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A disappointing NY Dem debate

Democratic presidential candidates Hillary Clinton and Bernie Sanders

Democratic presidential candidates Hillary Clinton and Bernie Sanders shake hands before the CNN Democratic presidential debate at the Brooklyn Navy Yard on April 14, 2016. Photo Credit: AFP / Getty Images / Jewel Samad

We heard most of it before. Repeatedly. Perhaps not with quite the sharpness and chippiness we heard Thursday night in round nine of this serial drama known as the Democratic presidential debates.
But in the end, on virtually every issue, we’ve heard it all before.
Which made it a very disappointing debate for us locals. Oh, the anticipation. Hillary Clinton and Bernie Sanders were in New York City, where both have roots, in the Duggal Greenhouse in the iconic Brooklyn Navy Yard. They’ve been buzzing around the region for close to two weeks now, eating the food, mixing with residents, visiting churches and neighborhoods.
And we were treated to exactly zero questions about New York City. Everything was a repeat or permutation of something asked in earlier debates (though thankfully nothing about her “damn emails”). That’s not to say they aren’t important issues, but for Coney Island’s sake, right now they’re fighting to win the New York primary on Tuesday and victory for each is critical.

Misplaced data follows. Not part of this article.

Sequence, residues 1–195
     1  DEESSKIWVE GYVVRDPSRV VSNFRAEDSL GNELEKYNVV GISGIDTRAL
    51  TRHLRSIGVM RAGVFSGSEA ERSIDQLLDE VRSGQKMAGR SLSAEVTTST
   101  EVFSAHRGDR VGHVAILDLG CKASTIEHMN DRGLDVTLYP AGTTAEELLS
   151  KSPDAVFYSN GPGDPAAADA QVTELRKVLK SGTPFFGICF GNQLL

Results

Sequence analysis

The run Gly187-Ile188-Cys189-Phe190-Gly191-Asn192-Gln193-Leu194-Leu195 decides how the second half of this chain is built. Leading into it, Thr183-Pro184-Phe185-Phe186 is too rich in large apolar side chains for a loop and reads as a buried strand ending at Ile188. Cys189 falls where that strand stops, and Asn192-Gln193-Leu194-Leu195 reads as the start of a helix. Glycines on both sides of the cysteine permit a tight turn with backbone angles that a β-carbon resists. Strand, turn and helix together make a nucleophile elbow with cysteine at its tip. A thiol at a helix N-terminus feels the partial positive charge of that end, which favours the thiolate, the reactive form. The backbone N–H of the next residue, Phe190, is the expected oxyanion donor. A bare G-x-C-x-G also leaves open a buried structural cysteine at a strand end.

But — no questions on the crying need in the region for affordable housing. Nothing about crumbling transit infrastructure, failing wastewater systems, threats to clean water, homeless and mentally ill people, or federal cuts to anti-terror funding. For a lighter moment, CNN’s questioners could have asked about Mayor Bill de Blasio’s carriage horses.
New topics might have thrown them off-kilter enough to blunt some of the testiness that increasingly defines the relationship between Clinton and Sanders. With all the interruptions and flashes of anger from each, plus Sanders’ eye-rolling and finger-wagging, not to mention his occasional sarcasm (“they must have been really crushed,” he said to her contention she called out Wall Street banks for their behavior), they seemed almost Republican. And they were performing for a raucous Brooklyn-style audience whose factions were determined to bring their candidate home.
Once again, Clinton’s responses to Sanders’ attacks were complex and nuanced (alternate interpretation: she was ducking and evading). Once again, he stated his positions more clearly and forcefully (alternate interpretation: his views are too simplistic).
Once again, Sanders’ supporters were left asking why Clinton can’t answer a yes-or-no question with yes or no. Once again, Clinton’s supporters were left thinking it must be great to be Sanders and see everything in black-and-white with zero shades of the grey that actually is the world.
But for all that, for all the sharper and more frequent punches, the result was the same as in the previous slugfests: no knockout either way.
And that’s probably not great news for Sanders.
Despite his string of recent successes, he’s still very much the challenger and with the calendar getting shorter and the opportunities to dig into Clinton’s substantial lead even among pledged delegates, he needs a win on Tuesday. Just as she does to quell the nervousness in her camp about the passion and stubbornness of Sanders and his supporters.
But then, we’ve heard that before, too.